A 10,000-unit housing development at Suffolk Downs is on hold indefinitely. Here’s why. - The Boston Globe (2024)

Three years after Suffolk Downs won city approvals, there was supposed to be a lot more going on by now on the nearly four dozen other buildings that will eventually rise at the 161-acre property. But housing construction at the site is on hold until developer HYM Investment Group can hash out a complicated financing deal that has been pushed out of balance by an out-of-whack economy.

The holdup is a reality plaguing housing developers across Greater Boston over the last two years. Demand in our housing-starved region is sky high. And developers such as HYM’s Tom O’Brien have all the hard-won permits they need. But for all the attention paid lately to fights over zoning and other local approvals, securing permits to build isn’t even the hard part right now. Amid high interest rates and materials costs, raising enough money is the real problem.


“The whole dynamic of housing finance has shifted,” said O’Brien. “It has become so much harder to make these projects work.”

Indeed, every major ingredient of an apartment building — from wood to steel to electrical components — costs more than it did before COVID. Overall materials costs have jumped 43 percent since the start of 2020. Interest rates for construction loans have more than tripled. The investors who typically fund housing development are demanding higher returns, too. Financing new housing in Massachusetts was a complex undertaking five years ago; now it seems impossible.

There’s no hard-and-fast tally of permitted units that are not under construction across dozens of Greater Boston communities. But officials in suburban towns talk about construction permits sitting on the shelf because developers can’t close on financing. In Boston, for example, researchers at the city’s planning and development agency last year estimated there were nearly 23,000 units stuck in the pipeline. (For comparison, from 2017 through 2021, a little more than 20,000 units were built in Boston, according to a 2022 report from the Mayor’s Office of Housing.)


One proxy measure of the backlog comes from the housing developed under the state’s 40B law, which allows developers to bypass local zoning in towns that have insufficient levels of affordable housing. Officials at the quasi-state agency MassHousing say they know of some 20,000 units on pause right now. Those mixed-income projects typically rely on revenues from market-rate apartments to finance the affordable units, making them particularly vulnerable to economic shifts.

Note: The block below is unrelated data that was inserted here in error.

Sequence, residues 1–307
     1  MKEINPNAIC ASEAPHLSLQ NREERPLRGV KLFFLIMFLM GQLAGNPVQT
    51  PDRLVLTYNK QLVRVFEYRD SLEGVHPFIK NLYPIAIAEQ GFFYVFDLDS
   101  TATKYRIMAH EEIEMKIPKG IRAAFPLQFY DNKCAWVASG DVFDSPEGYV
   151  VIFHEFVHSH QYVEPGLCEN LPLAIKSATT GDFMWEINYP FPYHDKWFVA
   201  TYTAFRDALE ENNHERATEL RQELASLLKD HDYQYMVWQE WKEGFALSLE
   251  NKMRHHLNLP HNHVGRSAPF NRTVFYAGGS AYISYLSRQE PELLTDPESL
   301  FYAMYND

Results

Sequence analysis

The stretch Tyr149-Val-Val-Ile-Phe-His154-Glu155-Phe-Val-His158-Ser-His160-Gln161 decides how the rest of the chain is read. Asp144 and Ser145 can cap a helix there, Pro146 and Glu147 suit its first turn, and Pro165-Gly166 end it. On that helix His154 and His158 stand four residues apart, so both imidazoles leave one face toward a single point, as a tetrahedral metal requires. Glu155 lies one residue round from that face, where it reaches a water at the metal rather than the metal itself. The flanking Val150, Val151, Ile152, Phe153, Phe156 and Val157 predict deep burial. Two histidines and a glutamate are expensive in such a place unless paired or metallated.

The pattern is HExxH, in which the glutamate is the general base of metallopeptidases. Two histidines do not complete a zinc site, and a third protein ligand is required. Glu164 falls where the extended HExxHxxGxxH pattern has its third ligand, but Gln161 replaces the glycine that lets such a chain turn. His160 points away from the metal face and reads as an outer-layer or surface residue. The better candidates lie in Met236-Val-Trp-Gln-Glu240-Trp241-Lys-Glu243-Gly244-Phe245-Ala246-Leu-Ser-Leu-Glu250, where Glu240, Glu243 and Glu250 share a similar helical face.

The story is much the same all over the region. Through the first five months of the year, fewer than 5,000 units worth of building permits were issued across Greater Boston. That’s down a bit from the same time in 2023, which itself was the slowest year for new housing production in more than a decade.

In a region like Greater Boston, where homes and apartments are already in extremely short supply, that will have consequences for years to come, with supply continuing to fall even further behind demand.

“We need that pressure of new construction to bring down rents,” said Adam Guren, an economist at Boston University. “So I would find it worrisome if there’s going to be a lull in building. It’s pretty simple: If there’s a construction lag hitting us in several years and demand remains strong for the Boston area, mechanically, rents have to go up.”


O’Brien, who spent years working on the permits for Suffolk Downs, blames two key factors: the rise of interest rates and construction costs.

The price of lumber and steel — major ingredients in housing construction — shot up during the pandemic thanks to international supply chain disruptions. They’ve since stabilized, but have not come back down to prepandemic levels.

Interest rates, too, shot up as the Federal Reserve moved to tackle inflation, which has made it more expensive for developers to secure construction loans. Interest rates on construction loans are roughly 5 percentage points higher than in 2022.

For an example, O’Brien points to a residential tower HYM built as part of the redevelopment of the Government Center Garage. When HYM broke ground in 2017, it cost the company around $680,000 per unit to build. Today, he said, that figure would be more like $1 million.

What’s more, given what they can earn by simply stashing cash in a bank right now, the investors who normally finance housing development are demanding higher returns. So to draw that investment, developers have to make even more money off of their buildings. This can translate to higher rents, but rents have their limits too.